Market Research

# The Math Behind Market Research  Written by

Here is a quick mathematical explanation for some of the statistics used in market research. As a participant in online surveys, you are included within “n”, the sample size.

Statistic – number computed from a sample
Parameter – number computed using the entire population

Samples have statistics
Populations have parameters

A statistic is used to estimate a parameter’s value.

n = sample size = sample mean
u = mean of population
m = margin of error

Spread of any statistic gets narrower as “n” becomes larger. As “n” becomes larger, a statistic will inevitably be an increasingly more accurate estimate of the parameter

## The Law of Large Numbers

As the sample size increases, ‘s value comes closer and closer to u. is an estimate of u
However, there is variability in our answer for , so we introduce a margin of error, “m” to be more confident in our estimate of u.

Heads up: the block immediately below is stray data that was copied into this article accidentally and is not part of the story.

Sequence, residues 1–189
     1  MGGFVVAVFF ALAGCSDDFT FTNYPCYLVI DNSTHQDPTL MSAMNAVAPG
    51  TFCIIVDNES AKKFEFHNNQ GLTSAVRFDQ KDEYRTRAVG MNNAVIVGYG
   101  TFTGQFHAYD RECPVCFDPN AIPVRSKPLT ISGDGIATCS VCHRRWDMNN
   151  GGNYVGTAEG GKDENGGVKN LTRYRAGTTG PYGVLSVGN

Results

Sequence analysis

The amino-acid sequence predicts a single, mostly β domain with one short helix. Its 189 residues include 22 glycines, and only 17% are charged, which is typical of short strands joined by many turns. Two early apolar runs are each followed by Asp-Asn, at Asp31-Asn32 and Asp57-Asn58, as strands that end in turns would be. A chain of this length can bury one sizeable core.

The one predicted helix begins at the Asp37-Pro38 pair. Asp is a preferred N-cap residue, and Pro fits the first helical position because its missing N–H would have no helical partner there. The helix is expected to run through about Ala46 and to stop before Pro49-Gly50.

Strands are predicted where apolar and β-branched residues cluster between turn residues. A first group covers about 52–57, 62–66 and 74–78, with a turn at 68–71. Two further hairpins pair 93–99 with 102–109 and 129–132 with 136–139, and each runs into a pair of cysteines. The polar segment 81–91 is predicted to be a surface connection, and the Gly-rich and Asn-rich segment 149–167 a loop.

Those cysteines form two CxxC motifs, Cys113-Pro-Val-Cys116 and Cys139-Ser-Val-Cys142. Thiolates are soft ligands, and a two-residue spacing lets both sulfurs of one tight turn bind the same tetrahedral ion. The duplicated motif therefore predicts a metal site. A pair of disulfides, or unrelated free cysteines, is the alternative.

i.e. It is our belief that u is in the range of +- m Our level of confidence is measured as a percentage. Typically we want to be 95% confident that u is +- m

To be confident we give ourselves room for error, which means a higher confidence interval.

*However, as our percentage of confidence increases, our margin of error also increases.

Ideally we want a small margin of error, but a high level of confidence.

Remember that as “n” (the sample size) increases, the spread of gets narrower. To get more accurate results, and a smaller level of error, we need to take a larger sample size (n increases). This way we have a narrow confidence interval +- m yet we are still very confident we are within the range of u.

To change m:

1. Change level of confidence (percentage of confidence increases, m increases too
2. Change the sample size (increase n, and m (margin of error) decreases.

So, to summarize, basically the more people we poll, the more accurate our result will be. When a survey is conducted, the results need to illustrate how not only the sample size feels, but how the population feels of what the sample size represents. This is where using statistics comes into play.